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Arktika class

Armed nuclear-powered icebreaker

Arktika class icebreaker

The Arktika class nuclear icebreakers had provision to carry weapons

 
 
Country of origin Russia
Entered service 1975
Crew 150
Sea endurance 7.5 months
Dimensions and displacement
Length 136 m
Beam 28 m
Draught 11 m
Displacement 23 460 tons
Propulsion and speed
Speed 18 knots
Range limited only by food supplies
Propulsion 2 x OK-900A nuclear reactors, developing 171 MW each. Power is delivered to 3 shafts
Airwing
Helicopters 1 x Mi-2, Mi-8 or Ka-27
Armament
Artillery 2 x AK-176 dual-purpose guns, 4 x AK-630 CIWS
Missiles 2 x Osa-M short-range air defense missile systems

 

   In 1971 a new Project 10520 nuclear-powered icebreaker was laid down in Soviet Union. The lead icebreaker of the class, Arktika (Arctics) was commissioned in 1975. At the time it was the most powerful icebreaker ever built. The Arktika was the first surface ship to reach North Pole. This was archived in 1977. In 1982 this nuclear icebreaker was rechristened to Leonid Brezhnev. However in 1986 the name was reverted back to Arktika. The lead ship was followed by another 5 icebreakers. The Rossiya was the first ship to carry commercial passengers to the North Pole. The last of the class, 50 Let Pobedy (50 Years of Victory), was built to an improved standard and was the most largest, powerful and fastest icebreaker of this class. Name of this icebreaker refers to the anniversary of victory of the Soviet Union in the World War II. It was laid down in 1989 and launched in 1993. It was planned to be commissioned in 1995, on the actual 50th anniversary of the Victory Day, after it was named. However in 1994 was was stopped due to the lack of funds. Construction was restarted only in 2003. The ship was eventually completed and commissioned in 2007.

   Even though these icebreakers were built as civilian vessels, there was provision to carry weapons. In case of war these icebreakers could be used as armored escorts or coastal patrol ships. So the Arktika went to sea trials fitted with weapon systems, although this was kept in high secrecy. Soon after the sea trials the weapons were removed, but could be easily reinstalled when required.

   The icebreakers could be fitted with two AK-176 dual-purpose guns and four AK-630 Close-In Weapon Systems (CIWS). Also there were two Osa-M short-range air defense missile systems.

   These nuclear-powered icebreakers had a helipad and hangar for a single helicopter. Initially it was a Mi-2. Later a more advanced Mi-8 or Ka-27 helicopters were used.

   The Arktica class icebreakers are fitted with two OK-900A nuclear reactors, developing 171 MW each. Power is delivered to 3 shafts.

   These icebreakers have a sea endurance of 7.5 months. In the year 2000 the lead icebreaker of the class, Arktika, was the first civilian ship to spend more than a year at sea, without making port.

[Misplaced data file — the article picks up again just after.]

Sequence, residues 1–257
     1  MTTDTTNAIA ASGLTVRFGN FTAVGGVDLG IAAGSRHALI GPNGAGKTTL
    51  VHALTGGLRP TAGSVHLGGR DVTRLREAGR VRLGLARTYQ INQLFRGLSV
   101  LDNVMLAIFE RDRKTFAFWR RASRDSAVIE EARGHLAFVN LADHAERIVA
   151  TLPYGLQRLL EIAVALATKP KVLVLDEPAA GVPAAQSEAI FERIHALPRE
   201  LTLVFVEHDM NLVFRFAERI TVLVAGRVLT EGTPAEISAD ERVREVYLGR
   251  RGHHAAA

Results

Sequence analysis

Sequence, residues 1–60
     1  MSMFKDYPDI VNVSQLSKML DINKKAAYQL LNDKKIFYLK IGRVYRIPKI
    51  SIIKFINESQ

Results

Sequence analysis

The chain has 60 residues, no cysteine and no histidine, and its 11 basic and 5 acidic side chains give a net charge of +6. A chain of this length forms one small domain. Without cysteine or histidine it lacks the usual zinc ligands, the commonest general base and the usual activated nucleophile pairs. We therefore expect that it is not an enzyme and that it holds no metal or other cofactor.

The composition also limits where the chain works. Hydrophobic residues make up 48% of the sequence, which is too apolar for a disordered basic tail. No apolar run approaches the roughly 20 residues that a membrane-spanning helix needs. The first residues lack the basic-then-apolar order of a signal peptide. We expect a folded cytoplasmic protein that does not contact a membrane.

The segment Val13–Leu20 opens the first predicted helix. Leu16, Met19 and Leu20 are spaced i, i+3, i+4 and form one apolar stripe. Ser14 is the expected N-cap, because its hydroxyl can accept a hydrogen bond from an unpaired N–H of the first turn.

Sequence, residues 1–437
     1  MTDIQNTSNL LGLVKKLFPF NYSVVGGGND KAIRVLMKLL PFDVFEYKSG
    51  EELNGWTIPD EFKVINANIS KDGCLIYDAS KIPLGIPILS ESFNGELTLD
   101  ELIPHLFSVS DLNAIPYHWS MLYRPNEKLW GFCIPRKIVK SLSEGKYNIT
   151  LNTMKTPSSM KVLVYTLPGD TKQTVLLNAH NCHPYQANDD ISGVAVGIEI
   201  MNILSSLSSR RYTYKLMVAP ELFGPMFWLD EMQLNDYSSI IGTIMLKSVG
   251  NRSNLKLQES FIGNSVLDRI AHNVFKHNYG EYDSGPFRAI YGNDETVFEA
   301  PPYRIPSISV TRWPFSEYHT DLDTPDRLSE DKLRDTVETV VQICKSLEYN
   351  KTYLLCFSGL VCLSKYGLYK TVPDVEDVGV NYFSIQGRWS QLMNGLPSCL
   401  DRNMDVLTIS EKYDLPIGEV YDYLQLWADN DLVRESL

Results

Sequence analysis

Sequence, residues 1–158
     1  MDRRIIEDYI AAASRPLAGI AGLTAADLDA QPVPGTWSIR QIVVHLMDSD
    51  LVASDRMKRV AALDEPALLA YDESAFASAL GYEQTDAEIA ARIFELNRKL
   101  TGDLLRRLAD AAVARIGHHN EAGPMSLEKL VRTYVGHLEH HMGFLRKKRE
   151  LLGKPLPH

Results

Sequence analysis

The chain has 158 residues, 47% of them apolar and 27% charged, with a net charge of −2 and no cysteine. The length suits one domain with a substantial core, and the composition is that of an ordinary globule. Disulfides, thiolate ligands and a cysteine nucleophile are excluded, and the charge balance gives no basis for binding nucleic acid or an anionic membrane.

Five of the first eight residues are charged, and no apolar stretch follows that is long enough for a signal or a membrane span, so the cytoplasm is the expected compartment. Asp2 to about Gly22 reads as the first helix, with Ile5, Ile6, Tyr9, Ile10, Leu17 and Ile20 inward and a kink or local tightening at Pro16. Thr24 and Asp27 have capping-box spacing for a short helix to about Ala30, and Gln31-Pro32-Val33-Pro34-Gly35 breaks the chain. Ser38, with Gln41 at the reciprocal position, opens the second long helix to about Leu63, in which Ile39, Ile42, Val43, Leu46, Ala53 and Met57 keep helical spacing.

Sibir was the first icebreaker of this class to be decommissioned. It was retired in 1992 after only 15 years of service. This was due to technical error in its steam generating system. Its reactor has been removed and the vessel is due to be scrapped. The Arktika class icebreakers were originally designed for 100 000 hours of reactor life, or a planned service life of 25 years. The lead ship was repaired in the late 1990s in order to extend its reactor life for another 50 000 hours. After that it was repaired one more time to add another 25 000 hours. This added 8 years to its planned 25-year service life. In 2008 its nuclear fuel had to be replaced. Russians decided that it was economically and technologically unfeasible to extend its service life once more. So the lead icebreaker, Arktika, was decommissioned in 2008 after 33 years of service.

   The Rossiya was decommissioned in 2013 and Sovetskiy Soyuz followed in 2014. By 2020 only the Yamal and 50 Let Pobedy icebreakers were in active service.

   Currently Russia is building a new class of nuclear-powered icebreakers. The lead ship of the new Project 22220, also known as Arktika, was laid down in 2013. It was launched in 2016. It is planned to be commissioned in 2020. A total of 4 new icebreakers of this class are being built, while another one was ordered. The new icebreakers are even bigger, faster and more powerful.

 

Name Laid down Launched Commissioned Status
Arktika 1971 1972 1975

decommissioned in 2008

Sibir 1974 1976 1977

decommissioned in 1992

Rossiya 1981 1983 1985

decommissioned in 2013, laid up

Sovetskiy Soyuz 1983 1986 1989

decommissioned in 2014, laid up

Yamal 1986 1989 1992

active, in service

50 Let Pobedy 1989 1993 2007

active, in service

 

 

 
Arktika class icebreaker

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Arktika class icebreaker

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Arktika class icebreaker

Expand image

Arktika class icebreaker

Expand image

Arktika class icebreaker

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Arktika class icebreaker

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